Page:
A lamb? What does that imply? A lamb conjures up a picture of meek and mild. How does that fit with the ruler-deliverer picture? So where does a lamb come in the Old Testament? That might give us clues. Well, clearly a lamb was the usual offering to God even back in Abraham’s day (see Gen 22:7) because Isaac expected there to be one, and Abraham spoke those immortal words, “God himself will provide the lamb for the burnt offering, my son.” (Gen 22:8) before he bound up Isaac and laid him on the altar, before another angel intervened and stopped him.
Lambs also appear in the sacrificial laws of Leviticus (e.g. see Lev 3:7) but it could equally have been a cow, a sheep or a goat, so a lamb wasn’t especially significant. No, the lamb gets its primary significance in the story of the Passover in Ex 12 where every family (of this mainly shepherding community) were to take and kill a lamb without blemish (i.e. one of the best ones) and take some of its blood and put it around the doorposts of the home so that when the destroying angel came he would see it, know it was a Hebrew home, and pass over it while he went on to kill every oldest son throughout Egypt. The lamb was thus the classic symbol of God’s means of salvation for His people.
So when John suddenly calls Jesus ‘the lamb of God’ is he implying that somehow Jesus is going to die as a sacrifice for our sins? How does this fit with the king-ruler-deliverer pictures? Now it is possibly so familiar to us today that the idea of this is no problem to us, but in a day when this had not been expounded, it was a mystery.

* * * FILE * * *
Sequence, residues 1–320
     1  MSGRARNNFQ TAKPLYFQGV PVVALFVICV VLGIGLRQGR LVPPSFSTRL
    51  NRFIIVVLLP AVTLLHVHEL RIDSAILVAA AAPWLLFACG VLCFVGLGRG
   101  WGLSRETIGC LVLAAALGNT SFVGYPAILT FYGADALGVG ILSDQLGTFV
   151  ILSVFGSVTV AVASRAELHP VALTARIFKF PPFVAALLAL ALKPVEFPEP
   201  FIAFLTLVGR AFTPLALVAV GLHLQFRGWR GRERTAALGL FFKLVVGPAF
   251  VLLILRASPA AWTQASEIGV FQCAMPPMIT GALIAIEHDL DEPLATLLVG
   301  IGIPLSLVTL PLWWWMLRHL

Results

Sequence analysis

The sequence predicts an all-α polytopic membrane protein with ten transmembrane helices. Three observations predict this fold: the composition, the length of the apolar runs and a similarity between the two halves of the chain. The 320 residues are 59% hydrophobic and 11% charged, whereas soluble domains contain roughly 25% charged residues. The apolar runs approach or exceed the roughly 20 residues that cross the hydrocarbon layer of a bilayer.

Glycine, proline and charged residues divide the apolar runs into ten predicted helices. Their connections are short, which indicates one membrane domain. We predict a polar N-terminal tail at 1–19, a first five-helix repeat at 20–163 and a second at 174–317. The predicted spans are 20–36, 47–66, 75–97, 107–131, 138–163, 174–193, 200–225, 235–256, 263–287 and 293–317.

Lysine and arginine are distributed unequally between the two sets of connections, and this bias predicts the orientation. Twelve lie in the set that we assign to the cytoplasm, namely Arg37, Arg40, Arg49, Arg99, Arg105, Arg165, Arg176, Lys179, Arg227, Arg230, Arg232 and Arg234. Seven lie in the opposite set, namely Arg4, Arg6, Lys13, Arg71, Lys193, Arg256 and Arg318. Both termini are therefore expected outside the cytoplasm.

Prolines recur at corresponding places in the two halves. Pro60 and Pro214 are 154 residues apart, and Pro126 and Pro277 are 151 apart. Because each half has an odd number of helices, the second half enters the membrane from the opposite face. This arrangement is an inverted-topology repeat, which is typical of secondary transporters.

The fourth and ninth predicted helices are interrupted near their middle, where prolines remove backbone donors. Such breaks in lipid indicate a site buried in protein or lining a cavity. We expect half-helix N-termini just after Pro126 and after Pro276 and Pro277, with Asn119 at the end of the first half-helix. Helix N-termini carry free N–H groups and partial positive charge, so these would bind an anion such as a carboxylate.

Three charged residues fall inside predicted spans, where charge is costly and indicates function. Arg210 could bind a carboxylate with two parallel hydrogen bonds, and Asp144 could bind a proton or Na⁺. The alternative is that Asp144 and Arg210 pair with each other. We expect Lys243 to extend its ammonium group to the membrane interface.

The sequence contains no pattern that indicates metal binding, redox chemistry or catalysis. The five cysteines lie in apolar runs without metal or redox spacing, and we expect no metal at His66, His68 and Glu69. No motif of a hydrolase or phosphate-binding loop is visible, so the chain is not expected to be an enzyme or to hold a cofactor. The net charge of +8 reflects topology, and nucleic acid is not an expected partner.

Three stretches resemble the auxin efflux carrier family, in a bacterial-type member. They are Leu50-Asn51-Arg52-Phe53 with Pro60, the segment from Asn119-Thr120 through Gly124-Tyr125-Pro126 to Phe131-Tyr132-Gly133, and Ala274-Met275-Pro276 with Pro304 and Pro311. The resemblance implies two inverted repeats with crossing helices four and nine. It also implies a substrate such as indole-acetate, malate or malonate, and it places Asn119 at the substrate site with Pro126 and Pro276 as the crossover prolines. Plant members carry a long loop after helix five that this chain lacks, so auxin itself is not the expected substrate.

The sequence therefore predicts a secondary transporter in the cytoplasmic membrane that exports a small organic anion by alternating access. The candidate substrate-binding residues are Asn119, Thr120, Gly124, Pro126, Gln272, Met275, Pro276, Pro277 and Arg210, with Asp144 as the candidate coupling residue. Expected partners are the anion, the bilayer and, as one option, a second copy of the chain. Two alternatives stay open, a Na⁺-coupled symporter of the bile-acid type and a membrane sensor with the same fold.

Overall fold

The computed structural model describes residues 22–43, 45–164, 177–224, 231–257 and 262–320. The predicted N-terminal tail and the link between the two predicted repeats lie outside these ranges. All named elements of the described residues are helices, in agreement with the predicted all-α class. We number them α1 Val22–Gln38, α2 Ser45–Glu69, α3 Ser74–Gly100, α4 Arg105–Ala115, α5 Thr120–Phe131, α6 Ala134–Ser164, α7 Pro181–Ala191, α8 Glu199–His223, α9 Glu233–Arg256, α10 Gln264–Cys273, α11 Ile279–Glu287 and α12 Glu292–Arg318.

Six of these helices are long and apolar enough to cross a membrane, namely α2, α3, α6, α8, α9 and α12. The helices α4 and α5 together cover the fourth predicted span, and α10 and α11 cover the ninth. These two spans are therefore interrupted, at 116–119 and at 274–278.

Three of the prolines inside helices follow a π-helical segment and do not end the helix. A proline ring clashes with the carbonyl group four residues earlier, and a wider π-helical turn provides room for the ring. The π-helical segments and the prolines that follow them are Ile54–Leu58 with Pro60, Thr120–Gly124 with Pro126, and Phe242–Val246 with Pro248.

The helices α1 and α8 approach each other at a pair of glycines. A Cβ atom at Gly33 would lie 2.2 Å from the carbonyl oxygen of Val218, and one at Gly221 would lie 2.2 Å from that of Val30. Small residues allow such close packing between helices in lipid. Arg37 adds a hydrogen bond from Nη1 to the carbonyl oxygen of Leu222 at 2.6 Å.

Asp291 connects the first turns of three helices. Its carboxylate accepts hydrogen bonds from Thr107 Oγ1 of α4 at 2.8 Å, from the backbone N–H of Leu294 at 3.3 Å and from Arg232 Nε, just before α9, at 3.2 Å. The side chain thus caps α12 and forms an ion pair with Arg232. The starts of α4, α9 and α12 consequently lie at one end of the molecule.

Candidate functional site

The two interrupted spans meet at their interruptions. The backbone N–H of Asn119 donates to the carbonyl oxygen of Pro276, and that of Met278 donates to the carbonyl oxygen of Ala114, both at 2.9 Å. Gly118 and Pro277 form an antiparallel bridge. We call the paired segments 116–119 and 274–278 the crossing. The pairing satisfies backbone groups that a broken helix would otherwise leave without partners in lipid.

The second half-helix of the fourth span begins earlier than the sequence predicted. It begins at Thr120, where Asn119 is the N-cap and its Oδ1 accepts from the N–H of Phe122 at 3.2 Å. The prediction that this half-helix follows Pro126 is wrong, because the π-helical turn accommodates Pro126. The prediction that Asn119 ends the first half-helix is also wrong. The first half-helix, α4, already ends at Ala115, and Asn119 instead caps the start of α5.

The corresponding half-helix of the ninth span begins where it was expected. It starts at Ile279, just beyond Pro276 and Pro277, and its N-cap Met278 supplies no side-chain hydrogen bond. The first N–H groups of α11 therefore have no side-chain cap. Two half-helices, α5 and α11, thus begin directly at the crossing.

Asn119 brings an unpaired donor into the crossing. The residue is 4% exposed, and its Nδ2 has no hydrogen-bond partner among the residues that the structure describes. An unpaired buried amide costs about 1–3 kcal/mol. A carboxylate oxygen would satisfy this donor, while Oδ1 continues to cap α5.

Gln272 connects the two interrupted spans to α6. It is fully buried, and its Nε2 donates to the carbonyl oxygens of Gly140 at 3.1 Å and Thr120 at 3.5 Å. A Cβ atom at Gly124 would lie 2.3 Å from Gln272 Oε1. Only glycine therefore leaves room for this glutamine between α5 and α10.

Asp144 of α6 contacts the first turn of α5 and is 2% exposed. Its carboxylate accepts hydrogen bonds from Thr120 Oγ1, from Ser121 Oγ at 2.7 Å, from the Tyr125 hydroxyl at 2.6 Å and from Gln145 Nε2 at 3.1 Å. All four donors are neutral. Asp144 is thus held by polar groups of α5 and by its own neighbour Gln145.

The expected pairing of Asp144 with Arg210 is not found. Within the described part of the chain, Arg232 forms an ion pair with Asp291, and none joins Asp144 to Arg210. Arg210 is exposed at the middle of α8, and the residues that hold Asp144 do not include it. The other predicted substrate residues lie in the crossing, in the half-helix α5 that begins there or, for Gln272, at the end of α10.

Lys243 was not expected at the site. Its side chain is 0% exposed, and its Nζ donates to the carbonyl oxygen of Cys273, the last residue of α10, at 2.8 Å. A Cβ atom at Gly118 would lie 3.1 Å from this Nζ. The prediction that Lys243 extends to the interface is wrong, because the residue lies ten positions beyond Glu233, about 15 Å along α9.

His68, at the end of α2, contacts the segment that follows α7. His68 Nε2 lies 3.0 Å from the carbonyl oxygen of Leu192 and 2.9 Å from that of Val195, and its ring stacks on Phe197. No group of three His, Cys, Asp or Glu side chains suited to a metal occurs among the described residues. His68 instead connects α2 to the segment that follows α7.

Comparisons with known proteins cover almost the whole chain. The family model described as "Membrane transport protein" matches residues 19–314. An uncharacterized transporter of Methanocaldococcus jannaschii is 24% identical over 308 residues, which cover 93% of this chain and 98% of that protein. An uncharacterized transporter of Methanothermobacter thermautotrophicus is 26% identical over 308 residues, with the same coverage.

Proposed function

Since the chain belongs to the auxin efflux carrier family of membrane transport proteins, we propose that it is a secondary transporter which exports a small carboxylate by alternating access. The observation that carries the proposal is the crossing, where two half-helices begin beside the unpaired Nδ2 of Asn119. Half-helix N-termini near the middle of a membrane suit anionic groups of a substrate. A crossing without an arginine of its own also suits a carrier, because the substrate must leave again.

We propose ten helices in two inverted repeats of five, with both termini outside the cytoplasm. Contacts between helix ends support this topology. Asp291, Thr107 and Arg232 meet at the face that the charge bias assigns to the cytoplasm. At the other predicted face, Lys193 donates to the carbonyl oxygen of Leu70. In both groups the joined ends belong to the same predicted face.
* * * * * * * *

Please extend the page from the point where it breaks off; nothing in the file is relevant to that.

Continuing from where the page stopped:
Consider how Jesus’ disciples struggled with this, especially in the light of all the miracles that showed that Jesus was completely in control of everything (water into wine, walking on water) and Jesus did such wonderful things (healings, deliverances, raising people from the dead) that surely no one would wish to harm him? When Jesus, obviously fully aware of his destiny, started talking about his death, they found it impossible to cope with.
The classic was with Peter: “From that time on Jesus began to explain to his disciples that he must go to Jerusalem and suffer many things at the hands of the elders, chief priests and teachers of the law, and that he must be killed and on the third day be raised to life. Peter took him aside and began to rebuke him. “Never, Lord!” he said. “This shall never happen to you!” Jesus turned and said to Peter, “Get behind me, Satan! You are a stumbling block to me; you do not have in mind the things of God, but the things of men.” (Mt 16:21-23) Please, please, please, put off your twenty-first century knowledge and try and catch the mystery that confronted these followers of Jesus, a mystery which explains so clearly the struggle they had when confronted with his death.
The apostle Paul said it later: “Jews demand miraculous signs and Greeks look for wisdom, but we preach Christ crucified: a stumbling block to Jews and foolishness to Gentiles.” (1 Cor 1:22,23) As we later go further into this study we will see why death on a cross was such an anathema to both Jew and Gentile. This was one of the greatest and most staggering mysteries that has ever been hidden from the eyes of the world – and it’s wonder and reality is still hidden from many today.
To reflect upon: Lord, please forgive me that so often I treat your word so casually and only scratch the surface. Please give me greater understanding.